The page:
Kurei, A., & Campbell, M. M. (2016). Manaakitia te paharakeke: an insight into the daily operational challenges facing Te Whakaruruhau (Report). Hamilton, New Zealand: Societies and Cultures, School of Social Sciences, University of Waikato.
Permanent Research Commons link: http://hdl.handle.net/10289/10621
This report is based on participant observations of the daily operations at Te Whakaruruhau, Hamilton. The observations represent the fieldwork element of an undergraduate paper contributing to the co-author, Anna Kurei’s Bachelor’s degree at the University of Waikato. Anna’s participation and observations over several weeks included attending meetings, shadowing Advocates, contributing (as appropriate) to operations and observing interactions between Advocates and the women in living in the service’s residential housing. Founded by Ruahine Albert and Ariana Simpson in 1986, Te Whakaruruhau Incorporated (Waikato women's refuge) was the first Māori women's refuge in Aotearoa. Since its inception, Te Whakaruruhau has been a Kaupapa driven service, with Māori cultural practices consciously employed throughout all its operations. Māori tikanga is fluid and adaptable by nature and can therefore meet the needs of people from multiple cultures and backgrounds. The current service has grown from humble beginnings in a four-bedroom state owned house providing emergency housing, to now include a twenty-four-hour crisis service, residential housing and a broadened community outreach programme. Staff numbers have increased from 7 to 36 paid staff and the twenty-fourhour crisis service has allowed the refuge to provide services for high risk cases that would otherwise be turned away. Funding is critical to the successful operation of the service. The refuge provides wrap-around services to meet clients’ needs and help them navigate through a maze of government and community services. The needs of women and families who have lived with domestic violence are deep-seated and complex. Achieving a stable, healthy, independent life is frequently a long-term process. Funding however, is not only limited, but is tied to expectations of achieving successful outcomes in the short-term. It was quickly evident during the fieldwork that Te Whakaruruhau is desperately under-resourced. In the year to June 2015 the Refuge provided services for 6575 cases, but had contracted funds for less than 1600. The consequences of such starkly inadequate resources are dire – for both clients and staff. Advocates (case workers) are frequently exhausted as they try to assist women and children with high and complex needs with very little resources on a highly restricted budget. Many times, workers were observed relegating their own interests (including their own health and safety) in order to meet the demands and needs of their clients. Similarly, the successful rehabilitation of clients is jeopardised by restricted options, insufficient capacity in the system and at times even the simplest of requirements such as transport to essential services. We know that when women and children become free of violence they have better health, employment and education outcomes. These outcomes benefit not only themselves but their communities and the wider social and economic landscape. Higher levels of funding - with a longer term focus- would therefore ultimately reduce the costs of domestic violence overall. Further to this, Kaupapa-based services at Te Whakaruruhau offer a culturally meaningful response to the high representation of Maori women seeking assistance. Its success in the face of such high levels of under-resourcing suggests that expectations around funding also need to be altered.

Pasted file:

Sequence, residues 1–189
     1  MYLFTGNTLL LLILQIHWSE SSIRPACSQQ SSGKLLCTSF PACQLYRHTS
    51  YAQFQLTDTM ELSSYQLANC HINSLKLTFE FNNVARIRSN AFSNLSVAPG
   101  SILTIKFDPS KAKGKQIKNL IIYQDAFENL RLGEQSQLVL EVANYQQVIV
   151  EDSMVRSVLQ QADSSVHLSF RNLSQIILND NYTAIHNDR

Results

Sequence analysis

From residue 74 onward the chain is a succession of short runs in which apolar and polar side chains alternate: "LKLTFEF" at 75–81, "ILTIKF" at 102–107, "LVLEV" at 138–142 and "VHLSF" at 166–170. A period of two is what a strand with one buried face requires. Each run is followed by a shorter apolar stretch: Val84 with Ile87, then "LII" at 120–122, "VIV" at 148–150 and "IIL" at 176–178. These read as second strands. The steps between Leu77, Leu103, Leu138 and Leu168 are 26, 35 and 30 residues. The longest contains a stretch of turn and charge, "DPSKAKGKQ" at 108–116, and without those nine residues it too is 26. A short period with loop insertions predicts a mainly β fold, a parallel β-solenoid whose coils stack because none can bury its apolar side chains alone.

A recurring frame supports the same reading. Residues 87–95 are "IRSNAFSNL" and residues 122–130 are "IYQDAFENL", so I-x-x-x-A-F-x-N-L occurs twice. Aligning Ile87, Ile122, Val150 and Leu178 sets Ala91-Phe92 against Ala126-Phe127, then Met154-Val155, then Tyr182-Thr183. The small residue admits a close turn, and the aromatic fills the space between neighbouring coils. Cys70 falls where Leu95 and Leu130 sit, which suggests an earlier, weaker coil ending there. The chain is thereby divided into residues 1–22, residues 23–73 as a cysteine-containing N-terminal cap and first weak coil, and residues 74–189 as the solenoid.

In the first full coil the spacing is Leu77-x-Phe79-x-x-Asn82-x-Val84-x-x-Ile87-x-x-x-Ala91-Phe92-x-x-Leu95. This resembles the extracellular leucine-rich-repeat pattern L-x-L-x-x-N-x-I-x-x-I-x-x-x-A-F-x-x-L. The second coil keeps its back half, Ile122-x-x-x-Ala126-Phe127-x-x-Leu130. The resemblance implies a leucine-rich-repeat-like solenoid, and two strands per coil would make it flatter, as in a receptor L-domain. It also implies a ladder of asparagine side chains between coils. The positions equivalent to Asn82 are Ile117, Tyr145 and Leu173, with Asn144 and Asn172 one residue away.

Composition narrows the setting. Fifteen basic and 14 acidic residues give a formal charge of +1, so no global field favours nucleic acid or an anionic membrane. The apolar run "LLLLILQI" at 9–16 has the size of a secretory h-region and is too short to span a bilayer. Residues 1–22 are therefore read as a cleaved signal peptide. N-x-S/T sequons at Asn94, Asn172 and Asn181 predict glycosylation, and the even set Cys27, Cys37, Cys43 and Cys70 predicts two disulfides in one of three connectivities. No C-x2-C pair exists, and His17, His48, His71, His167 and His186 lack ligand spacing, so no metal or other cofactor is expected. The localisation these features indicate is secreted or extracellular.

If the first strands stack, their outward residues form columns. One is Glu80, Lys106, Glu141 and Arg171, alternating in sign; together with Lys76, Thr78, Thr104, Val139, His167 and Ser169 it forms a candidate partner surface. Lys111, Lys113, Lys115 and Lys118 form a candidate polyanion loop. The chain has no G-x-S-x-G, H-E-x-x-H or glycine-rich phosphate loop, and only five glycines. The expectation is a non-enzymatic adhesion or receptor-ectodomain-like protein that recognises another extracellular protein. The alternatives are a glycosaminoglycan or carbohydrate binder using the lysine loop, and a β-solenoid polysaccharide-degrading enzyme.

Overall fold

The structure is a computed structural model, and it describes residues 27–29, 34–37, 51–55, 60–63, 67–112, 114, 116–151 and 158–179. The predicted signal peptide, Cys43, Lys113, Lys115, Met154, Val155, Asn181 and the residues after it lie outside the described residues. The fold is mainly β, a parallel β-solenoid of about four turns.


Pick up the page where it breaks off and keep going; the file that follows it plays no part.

Societies and Cultures, School of Social Sciences, University of Waikato
© 2016 Copyright with the authors.